This weeks history article is about Lanchester, one of Britain’s first car companies, in fact it was founded as the motor industry was snowballing as many companies had sprung up to satisfy initial demand for motor vehicles. Their first claim to fame was that they built the very first British motor car in 1895 – a few years before the company was formed.
The Lanchester family were instrumental in the formation of the British motor industry. Frederick, Frank and George founded Lanchester as a marque in its own right, but Frederick was an enthusiastic engineer and designed starter motors for gas engines, he developed an early carburettor to control the fuel/air mix going into the engine, he designed the first disc brake system, he built Britain’s first motor boat – basically to test his engine designs before it went into the first Lanchester car and he researched turbochargers and other technical products.
Frederick also developed the Lanchester Power Law that provided the theory of who would win when two opposing forces went into battle. He developed his theory during the First World War to help the Royal Flying Corp, the precursor to the Royal Air Force, manage their aerial combat losses.
George was also a designer and engineer who developed many of the later Lanchesters plus a couple of Alvis cars and gave his name to the Lanchester submachine gun used in the Second World War. This weapon was actually a copy of a German gun captured at Dunkirk!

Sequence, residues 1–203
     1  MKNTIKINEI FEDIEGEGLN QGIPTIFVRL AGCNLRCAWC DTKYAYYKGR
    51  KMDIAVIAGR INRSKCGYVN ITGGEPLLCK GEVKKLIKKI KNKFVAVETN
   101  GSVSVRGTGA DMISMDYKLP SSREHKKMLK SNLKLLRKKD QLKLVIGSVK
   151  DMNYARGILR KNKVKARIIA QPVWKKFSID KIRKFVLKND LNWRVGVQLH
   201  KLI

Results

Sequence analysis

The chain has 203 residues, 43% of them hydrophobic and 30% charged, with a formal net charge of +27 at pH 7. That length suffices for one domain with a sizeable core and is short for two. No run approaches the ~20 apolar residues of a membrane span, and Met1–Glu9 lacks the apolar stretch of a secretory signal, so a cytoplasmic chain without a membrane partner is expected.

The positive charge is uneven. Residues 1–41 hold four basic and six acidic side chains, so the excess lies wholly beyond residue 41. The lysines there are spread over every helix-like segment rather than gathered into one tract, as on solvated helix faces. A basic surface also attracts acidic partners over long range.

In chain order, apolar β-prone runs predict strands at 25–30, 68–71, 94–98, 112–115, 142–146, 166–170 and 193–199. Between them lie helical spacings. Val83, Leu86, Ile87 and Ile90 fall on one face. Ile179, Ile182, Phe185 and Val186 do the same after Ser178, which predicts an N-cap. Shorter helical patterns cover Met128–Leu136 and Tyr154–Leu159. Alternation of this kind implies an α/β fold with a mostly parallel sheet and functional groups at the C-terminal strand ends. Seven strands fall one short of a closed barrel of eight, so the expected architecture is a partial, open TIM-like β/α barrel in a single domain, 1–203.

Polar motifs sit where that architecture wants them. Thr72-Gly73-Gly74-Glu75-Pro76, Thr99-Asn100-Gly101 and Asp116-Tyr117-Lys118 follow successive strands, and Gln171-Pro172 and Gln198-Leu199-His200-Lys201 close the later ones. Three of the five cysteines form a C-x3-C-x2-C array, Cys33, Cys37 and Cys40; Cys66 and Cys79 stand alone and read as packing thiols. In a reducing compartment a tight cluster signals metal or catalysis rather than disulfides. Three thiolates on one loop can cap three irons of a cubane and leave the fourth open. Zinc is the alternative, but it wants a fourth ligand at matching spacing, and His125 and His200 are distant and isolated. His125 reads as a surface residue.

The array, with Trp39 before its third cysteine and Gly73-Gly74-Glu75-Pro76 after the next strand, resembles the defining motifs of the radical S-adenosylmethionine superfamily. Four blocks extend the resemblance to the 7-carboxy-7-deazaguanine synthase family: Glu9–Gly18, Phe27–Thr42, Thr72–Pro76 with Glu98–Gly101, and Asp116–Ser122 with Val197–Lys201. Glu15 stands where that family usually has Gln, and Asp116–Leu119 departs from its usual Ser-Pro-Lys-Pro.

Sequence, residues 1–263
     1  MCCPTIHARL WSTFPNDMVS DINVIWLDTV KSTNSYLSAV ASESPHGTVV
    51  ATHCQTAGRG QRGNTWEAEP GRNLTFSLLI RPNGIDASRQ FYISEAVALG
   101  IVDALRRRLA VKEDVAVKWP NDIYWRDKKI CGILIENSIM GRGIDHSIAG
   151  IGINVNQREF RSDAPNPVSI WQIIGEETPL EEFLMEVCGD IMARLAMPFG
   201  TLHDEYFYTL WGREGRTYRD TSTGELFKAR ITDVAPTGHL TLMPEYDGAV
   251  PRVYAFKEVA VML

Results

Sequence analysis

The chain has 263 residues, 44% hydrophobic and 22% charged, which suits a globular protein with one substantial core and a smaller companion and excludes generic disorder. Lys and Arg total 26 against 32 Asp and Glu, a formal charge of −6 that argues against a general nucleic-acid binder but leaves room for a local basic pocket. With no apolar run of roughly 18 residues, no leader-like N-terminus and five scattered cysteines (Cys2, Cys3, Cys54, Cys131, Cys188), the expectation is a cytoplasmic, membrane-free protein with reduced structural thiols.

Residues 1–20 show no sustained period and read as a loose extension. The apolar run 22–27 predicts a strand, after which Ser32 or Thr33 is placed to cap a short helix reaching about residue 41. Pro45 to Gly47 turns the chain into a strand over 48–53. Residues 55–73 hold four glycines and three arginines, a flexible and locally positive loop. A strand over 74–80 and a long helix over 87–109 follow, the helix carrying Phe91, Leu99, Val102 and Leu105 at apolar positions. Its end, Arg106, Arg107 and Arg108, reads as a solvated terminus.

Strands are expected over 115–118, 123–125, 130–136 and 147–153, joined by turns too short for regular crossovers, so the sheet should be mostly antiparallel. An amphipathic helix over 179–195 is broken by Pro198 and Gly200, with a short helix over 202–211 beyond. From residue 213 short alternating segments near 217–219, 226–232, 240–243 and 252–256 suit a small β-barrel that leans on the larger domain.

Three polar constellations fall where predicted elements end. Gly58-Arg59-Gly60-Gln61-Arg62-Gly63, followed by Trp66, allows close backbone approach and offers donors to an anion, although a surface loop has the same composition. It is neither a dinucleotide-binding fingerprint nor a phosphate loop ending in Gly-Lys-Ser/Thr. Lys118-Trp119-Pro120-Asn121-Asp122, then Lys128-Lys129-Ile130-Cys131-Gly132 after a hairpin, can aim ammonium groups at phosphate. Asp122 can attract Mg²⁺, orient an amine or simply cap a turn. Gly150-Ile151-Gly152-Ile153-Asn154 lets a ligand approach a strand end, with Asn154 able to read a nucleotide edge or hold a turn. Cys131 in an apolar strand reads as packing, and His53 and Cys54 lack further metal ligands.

Frank appears to have been the business focussed one of the three! There was another brother, Henry who followed their father and became a notable architect with buildings all over the world and there was also a sister, Edith, who was a pioneer in womens rights as a suffragette and socialist campaigner.
The Lanchester Engine Company was founded in 1899 after the three brothers had spent a few years creating firstly an internal combustion engine and then a complete car, the Lanchester 5. The first engine was a 1.3 litre single cylinder motor with two crankshafts and two conrods connecting the piston to the two cranks. It was a very smooth motor and first ran in a chassis in 1895.